• Applications should be for new, China-based programs of at least four weeks in duration that prominently feature some form of high-impact educational programming. Only summer, stand-alone programs are eligible.
  • Applications must be supported by a letter from the appropriate college dean or department head explaining how the project contributes to the international goals of the strategic plan of the college/unit. Matching funds are not required, but are encouraged.

Proposals will be evaluated based on different criteria including, but not limited to:

  • overall viability, academic need and sustainability of the proposed education abroad program;
  • degree to which the proposed program will promote global competency and/or have a positive impact on the overall internationalization of UK; and
  • extent to which the proposed program promotes the UK International Center’s goals for diversifying education abroad programming.

To read the complete evaluation criteria and other details, download the application form here.

 

A selection committee will evaluate all applications and make a recommendation to the Education Abroad Committee of the International Advisory Council for final determination within four to six weeks of the application deadline.

 

Deadline to submit proposals for summer 2017 programs is 5 p.m., May 1. Deadline to submit proposals for summer 2018 programs is 5 p.m., Nov. 1.

 

Questions, applications and supporting materials should be sent to Huajing Maske via email at huajing.maske@uky.edu. Faculty members are encouraged to discuss potential program ideas with UK Education Abroad prior to submission.

 

A gateway for Chinese language, culture and art to the people of Kentucky, UK Confucius Institute provides leadership, support and coordination for Chinese language and programs in K-12 schools as well as on UK's campus; assists and facilitates establishing and maintaining faculty and student exchanges between UK colleges and Chinese universities; conducts Chinese language and cultural exchange; and promotes education about China on campus, across the Bluegrass region, and throughout the Commonwealth. To keep up with UK Confucius Institute and future events, join the institute's listerv and follow them on FacebookTwitter and Snapchat (UKConfucius).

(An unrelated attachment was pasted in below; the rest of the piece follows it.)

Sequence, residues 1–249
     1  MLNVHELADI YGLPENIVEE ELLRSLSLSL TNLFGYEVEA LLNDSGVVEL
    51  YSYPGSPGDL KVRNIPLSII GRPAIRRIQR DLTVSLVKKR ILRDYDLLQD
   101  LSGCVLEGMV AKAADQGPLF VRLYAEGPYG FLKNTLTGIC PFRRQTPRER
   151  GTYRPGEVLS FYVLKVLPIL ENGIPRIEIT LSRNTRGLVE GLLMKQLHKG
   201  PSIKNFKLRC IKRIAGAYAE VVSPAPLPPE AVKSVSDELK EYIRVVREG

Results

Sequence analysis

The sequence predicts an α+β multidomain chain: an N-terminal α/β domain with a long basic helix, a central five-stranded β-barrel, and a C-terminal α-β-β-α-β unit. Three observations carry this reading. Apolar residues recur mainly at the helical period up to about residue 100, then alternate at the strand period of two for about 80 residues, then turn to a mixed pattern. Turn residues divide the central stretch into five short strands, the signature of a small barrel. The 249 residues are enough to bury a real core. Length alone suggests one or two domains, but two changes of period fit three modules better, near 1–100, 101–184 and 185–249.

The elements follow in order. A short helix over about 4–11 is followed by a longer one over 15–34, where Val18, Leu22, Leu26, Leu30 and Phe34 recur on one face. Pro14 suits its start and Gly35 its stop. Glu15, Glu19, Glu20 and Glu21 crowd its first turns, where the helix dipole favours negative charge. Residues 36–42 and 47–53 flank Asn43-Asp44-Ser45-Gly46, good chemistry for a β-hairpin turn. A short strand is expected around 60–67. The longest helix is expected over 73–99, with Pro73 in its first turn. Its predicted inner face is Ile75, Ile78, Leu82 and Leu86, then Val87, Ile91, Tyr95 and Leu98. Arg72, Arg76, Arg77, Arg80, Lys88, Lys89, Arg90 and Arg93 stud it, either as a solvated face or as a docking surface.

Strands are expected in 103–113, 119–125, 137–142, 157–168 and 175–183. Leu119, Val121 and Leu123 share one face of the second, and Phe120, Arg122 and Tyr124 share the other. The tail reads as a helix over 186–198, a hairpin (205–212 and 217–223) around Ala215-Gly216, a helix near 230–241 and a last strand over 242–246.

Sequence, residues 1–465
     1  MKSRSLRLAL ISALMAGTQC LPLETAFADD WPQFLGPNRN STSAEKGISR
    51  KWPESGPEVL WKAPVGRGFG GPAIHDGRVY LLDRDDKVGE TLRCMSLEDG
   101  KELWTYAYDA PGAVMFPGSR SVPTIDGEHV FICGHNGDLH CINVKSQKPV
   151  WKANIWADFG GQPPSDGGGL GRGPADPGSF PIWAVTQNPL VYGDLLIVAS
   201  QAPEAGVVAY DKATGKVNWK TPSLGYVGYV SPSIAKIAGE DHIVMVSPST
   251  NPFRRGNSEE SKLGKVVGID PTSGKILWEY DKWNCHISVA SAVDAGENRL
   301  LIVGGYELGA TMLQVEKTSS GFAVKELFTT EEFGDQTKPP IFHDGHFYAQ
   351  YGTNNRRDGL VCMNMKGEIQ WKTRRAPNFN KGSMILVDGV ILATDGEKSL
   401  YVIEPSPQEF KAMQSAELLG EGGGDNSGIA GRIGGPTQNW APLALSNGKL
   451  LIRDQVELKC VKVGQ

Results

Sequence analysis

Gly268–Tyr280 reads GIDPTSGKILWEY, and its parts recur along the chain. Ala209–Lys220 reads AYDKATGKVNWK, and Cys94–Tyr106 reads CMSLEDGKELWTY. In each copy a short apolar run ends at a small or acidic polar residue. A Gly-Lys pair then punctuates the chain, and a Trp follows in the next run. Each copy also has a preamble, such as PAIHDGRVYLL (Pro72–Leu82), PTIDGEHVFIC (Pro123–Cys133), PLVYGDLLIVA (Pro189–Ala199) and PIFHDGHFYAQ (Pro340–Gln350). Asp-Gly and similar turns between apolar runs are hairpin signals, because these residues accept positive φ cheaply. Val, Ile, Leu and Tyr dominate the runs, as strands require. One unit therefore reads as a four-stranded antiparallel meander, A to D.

UK is the University for Kentucky. At UK, we are educating more students, treating more patients with complex illnesses and conducting more research and service than at any time in our 150-year history. To read more about the UK story and how you can support continued investment in your university and the Commonwealth, go to: uky.edu/uk4ky. #uk4ky #seeblue

 

 

MEDIA CONTACT: Whitney Hale, 859-257-8716; whitney.hale@uky.edu

May Graduates: Apply to be Undergraduate Student Speaker at Commencement

Tue, 03/22/2016 - 15:45

LEXINGTON, Ky. (March 23, 2016) — Keeping with tradition at the University of Kentucky, an undergraduate student will be selected to speak at each of two undergraduate Commencement ceremonies, which will take place at 9 a.m. and 2 p.m. Sunday, May 8, in Rupp Arena.

 

Students interested in speaking must submit their applications by Monday, March 28.

 

To be considered, applicants must be receiving an undergraduate degree from UK at the May 8 ceremony. Additionally, the applicants must have contributed to UK through campus or community activities and through their fields of study. Applicants must also demonstrate strong public speaking skills.

 

Undergraduate students who wish to apply must submit a résumé, information sheet and a copy of their proposed speech no longer than three typed, double-spaced pages. Incomplete applications will not be considered by the selection committee. The committee may contact any applicant for a 15 minute interview and speech demonstration.

 

 Applications are available online at www.uky.edu/Commencement/speakers.html.

 

All May graduates should register for Commencement at www.uky.edu/Commencement.

 

 

UK is the University for Kentucky. At UK, we are educating more students, treating more patients with complex illnesses and conducting more research and service than at any time in our 150-year history. To read more about the UK story and how you can support continued investment in your university and the Commonwealth, go to: uky.edu/uk4ky. #uk4ky #seeblue